His wife saw him enter the house like a castaway. He had lost 14 kilos, was floating and hallucinated. When she undressed, she observed with some apprehension the puny body, the skin full of bruises from the immobility, the treatment, and thought that, somehow, her husband was returning from a war. How does a veteran recover who has seen his battalion comrades die between hallucinations? Ramiro Domínguez, Sílex editor, fell ill with coronavirus last Christmas Eve. He did not return home until January 30. Now he makes parallels that for him have a strong symbolic component. The day after his birth, in 1967, there was a historic snowfall in Madrid; the day after leaving the ICU the storm fell Philomena, and he likes to consider himself a reborn, someone whom the snow brought into the world and whom the snow resurrected. Although it seems strange, when he went to the ward he missed those ICU toilets who moved around him to save his life. His life was spent, as a result of the medication, in another country, Morocco. Ramiro was involved in a long psychotropic dream, full of adventures: the storyline was that our hero had to go to Morocco to repatriate the body of a friend who died of covid. He has the feeling of having spent the 15 days of induced coma performing that mission. When he woke up, he felt the urge to see his son, who was turning five years old in those days. A nurse put a screen in front of him that gave him back his own image: half his face paralyzed, his skin bruised, an expression of stupor. The boy, who had dreamed of reunion for so long, fled when he saw that dying man who could barely speak, who was not the father he waited for every night.
As if the traumatic experience had trained him in a kind of awareness of the present, Ramiro, upon arriving home, enjoyed in amazement those routines that are usually carried out without feeling. He got into the shower and the pleasure of regaining his privacy, of washing himself, of preserving modesty, made him feel enormous peace. And after that cleaning, curling up in his bed next to his beloved woman. He was also excited when the other day, sitting in the Commercial Cafe with a friend, it started to rain. The light of the rain, the smell, worked the miracle of returning him to childhood.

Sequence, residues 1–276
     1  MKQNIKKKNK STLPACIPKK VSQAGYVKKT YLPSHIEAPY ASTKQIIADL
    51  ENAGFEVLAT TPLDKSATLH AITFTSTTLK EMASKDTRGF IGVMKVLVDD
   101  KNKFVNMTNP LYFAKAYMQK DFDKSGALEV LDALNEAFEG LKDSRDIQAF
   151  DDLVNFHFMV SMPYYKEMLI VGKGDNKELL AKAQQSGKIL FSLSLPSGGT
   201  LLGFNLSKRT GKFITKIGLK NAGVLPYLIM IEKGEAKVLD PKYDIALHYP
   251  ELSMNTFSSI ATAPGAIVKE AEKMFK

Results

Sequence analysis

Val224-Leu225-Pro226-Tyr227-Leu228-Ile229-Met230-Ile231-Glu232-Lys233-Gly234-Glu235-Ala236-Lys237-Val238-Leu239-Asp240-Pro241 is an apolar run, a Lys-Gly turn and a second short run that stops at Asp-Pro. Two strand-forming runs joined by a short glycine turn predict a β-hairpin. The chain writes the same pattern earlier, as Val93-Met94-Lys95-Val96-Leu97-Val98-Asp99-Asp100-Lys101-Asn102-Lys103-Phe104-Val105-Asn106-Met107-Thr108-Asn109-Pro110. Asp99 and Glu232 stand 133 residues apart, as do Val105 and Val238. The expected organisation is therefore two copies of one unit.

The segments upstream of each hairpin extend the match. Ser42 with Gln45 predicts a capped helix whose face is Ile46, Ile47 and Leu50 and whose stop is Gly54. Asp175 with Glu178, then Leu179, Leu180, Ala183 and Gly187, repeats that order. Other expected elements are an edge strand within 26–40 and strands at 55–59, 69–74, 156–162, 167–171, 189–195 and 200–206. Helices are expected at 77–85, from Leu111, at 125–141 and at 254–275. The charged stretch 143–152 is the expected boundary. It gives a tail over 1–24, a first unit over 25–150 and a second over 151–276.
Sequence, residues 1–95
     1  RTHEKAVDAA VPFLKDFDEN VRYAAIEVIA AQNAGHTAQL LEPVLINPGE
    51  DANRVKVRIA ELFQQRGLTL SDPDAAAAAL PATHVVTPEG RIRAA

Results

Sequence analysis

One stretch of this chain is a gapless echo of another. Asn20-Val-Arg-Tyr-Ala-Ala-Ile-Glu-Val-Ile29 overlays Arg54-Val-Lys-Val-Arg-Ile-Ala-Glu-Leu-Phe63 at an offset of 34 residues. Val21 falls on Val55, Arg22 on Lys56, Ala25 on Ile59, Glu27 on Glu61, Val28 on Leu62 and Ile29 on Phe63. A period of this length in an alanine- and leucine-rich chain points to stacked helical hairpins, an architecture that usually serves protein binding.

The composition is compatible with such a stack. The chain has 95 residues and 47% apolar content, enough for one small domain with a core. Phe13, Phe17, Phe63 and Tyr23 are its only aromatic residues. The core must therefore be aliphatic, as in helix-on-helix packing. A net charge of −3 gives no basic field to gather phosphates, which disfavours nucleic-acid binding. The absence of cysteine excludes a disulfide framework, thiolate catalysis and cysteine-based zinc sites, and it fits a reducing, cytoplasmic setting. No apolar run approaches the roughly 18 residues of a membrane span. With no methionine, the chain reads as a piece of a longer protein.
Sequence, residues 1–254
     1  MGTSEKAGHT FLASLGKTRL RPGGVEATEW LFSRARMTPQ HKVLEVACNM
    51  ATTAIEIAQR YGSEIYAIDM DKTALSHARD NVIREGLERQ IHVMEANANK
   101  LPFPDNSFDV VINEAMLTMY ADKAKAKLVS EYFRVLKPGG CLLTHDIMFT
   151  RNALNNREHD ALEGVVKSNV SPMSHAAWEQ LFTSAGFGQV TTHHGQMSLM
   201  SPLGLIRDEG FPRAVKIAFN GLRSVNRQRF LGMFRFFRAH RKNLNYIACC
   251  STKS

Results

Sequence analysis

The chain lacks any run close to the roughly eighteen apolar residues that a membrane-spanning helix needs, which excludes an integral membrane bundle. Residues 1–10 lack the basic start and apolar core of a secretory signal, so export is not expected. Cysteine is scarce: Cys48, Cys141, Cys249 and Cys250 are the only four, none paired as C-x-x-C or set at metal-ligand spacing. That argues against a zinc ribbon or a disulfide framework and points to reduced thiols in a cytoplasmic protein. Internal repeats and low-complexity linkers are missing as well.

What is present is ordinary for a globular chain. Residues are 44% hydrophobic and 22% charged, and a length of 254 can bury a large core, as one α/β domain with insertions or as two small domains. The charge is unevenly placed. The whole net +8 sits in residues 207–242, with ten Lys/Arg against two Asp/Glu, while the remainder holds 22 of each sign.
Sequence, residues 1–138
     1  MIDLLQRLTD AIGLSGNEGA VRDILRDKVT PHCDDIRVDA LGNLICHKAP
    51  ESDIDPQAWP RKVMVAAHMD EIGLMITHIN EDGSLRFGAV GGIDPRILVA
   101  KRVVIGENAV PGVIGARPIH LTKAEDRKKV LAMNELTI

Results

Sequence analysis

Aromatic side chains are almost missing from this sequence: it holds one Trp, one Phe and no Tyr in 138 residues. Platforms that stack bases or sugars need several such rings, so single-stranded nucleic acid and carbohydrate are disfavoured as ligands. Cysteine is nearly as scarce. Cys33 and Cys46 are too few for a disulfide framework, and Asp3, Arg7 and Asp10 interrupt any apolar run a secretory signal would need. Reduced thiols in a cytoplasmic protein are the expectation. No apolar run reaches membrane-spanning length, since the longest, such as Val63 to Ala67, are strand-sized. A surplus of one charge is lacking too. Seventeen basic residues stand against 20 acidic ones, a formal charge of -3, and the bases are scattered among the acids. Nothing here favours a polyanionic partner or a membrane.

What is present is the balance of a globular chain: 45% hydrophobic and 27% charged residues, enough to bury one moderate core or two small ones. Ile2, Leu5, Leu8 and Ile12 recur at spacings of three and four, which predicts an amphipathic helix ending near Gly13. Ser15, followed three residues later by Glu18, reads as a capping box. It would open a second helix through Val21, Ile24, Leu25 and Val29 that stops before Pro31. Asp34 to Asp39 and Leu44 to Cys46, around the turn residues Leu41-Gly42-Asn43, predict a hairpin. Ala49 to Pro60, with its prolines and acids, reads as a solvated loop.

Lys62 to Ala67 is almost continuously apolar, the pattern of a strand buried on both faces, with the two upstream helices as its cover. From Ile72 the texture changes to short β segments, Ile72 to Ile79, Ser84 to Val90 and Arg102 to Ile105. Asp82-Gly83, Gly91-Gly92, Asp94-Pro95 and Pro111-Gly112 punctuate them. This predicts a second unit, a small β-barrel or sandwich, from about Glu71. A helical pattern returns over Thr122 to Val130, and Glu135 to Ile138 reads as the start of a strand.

He is limping because the sciatic nerve was affected, but that is not what matters most now, but the desire to overcome that feeling of helplessness that sometimes causes him alienation. It is the fear of the sick person not to return to this world at all. Chatting with some neighbors, he felt like a veteran of the Vietnam War who had to shut up what he suffered because it is no longer necessary to talk about it; he was overcome by melancholy. He prefers not to watch the news, he is moved by the death toll, the number of patients in ICUs, although those of us who have not fought in that battle seem hopeful. Seeing the images of madness on the night the state of alarm ended, he grew angry (bastards, unsupportive) that he tried to stop, justifying the thoughtless nature of a certain youth. But in him the desire to join work has been able. The nurse observed his nervousness and said, “Ramiro, you have to be patient”, and that word, “patient”, then acquired its deepest meaning. Last week, the Financial Times He pointed out something on which we have little reflected: the times for recovery from a serious illness were once much longer. The patient had to return to his previous life little by little, and in that later slowness his health took hold.
Ramiro takes his son to school every day. Every day, the child says to his teacher: “Look, my father is there, he’s back.”
Eddie is an Australian news reporter with over 9 years in the industry and has published on Forbes and tech crunch.